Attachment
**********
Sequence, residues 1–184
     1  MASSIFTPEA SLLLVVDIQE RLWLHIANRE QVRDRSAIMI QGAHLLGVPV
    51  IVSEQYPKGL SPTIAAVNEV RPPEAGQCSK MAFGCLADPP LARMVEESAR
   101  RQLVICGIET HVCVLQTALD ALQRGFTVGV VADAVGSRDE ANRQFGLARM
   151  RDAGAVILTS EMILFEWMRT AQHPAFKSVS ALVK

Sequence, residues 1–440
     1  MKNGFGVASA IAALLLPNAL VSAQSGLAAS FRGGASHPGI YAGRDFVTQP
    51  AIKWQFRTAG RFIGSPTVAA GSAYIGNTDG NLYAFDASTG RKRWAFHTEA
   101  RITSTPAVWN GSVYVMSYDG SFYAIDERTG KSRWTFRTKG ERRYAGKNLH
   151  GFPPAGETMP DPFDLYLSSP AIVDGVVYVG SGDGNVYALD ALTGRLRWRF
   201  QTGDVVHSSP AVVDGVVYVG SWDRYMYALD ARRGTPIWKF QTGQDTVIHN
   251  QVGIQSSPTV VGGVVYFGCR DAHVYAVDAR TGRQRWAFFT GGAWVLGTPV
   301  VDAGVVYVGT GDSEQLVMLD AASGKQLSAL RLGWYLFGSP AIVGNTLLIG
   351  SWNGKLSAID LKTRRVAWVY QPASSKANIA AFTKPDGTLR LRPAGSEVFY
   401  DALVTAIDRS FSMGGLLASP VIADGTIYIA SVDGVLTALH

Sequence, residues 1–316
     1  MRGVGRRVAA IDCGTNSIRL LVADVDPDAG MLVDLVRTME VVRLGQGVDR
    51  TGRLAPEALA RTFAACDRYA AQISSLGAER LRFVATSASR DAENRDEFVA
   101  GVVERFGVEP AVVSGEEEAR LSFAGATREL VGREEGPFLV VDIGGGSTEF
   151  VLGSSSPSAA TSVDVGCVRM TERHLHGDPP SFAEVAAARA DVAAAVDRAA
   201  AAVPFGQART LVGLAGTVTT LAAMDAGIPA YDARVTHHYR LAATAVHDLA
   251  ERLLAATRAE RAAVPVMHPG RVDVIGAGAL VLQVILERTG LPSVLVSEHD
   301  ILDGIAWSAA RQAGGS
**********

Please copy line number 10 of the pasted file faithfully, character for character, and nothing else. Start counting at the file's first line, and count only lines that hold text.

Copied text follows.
   151  GFPPAGETMP DPFDLYLSSP AIVDGVVYVG SGDGNVYALD ALTGRLRWRF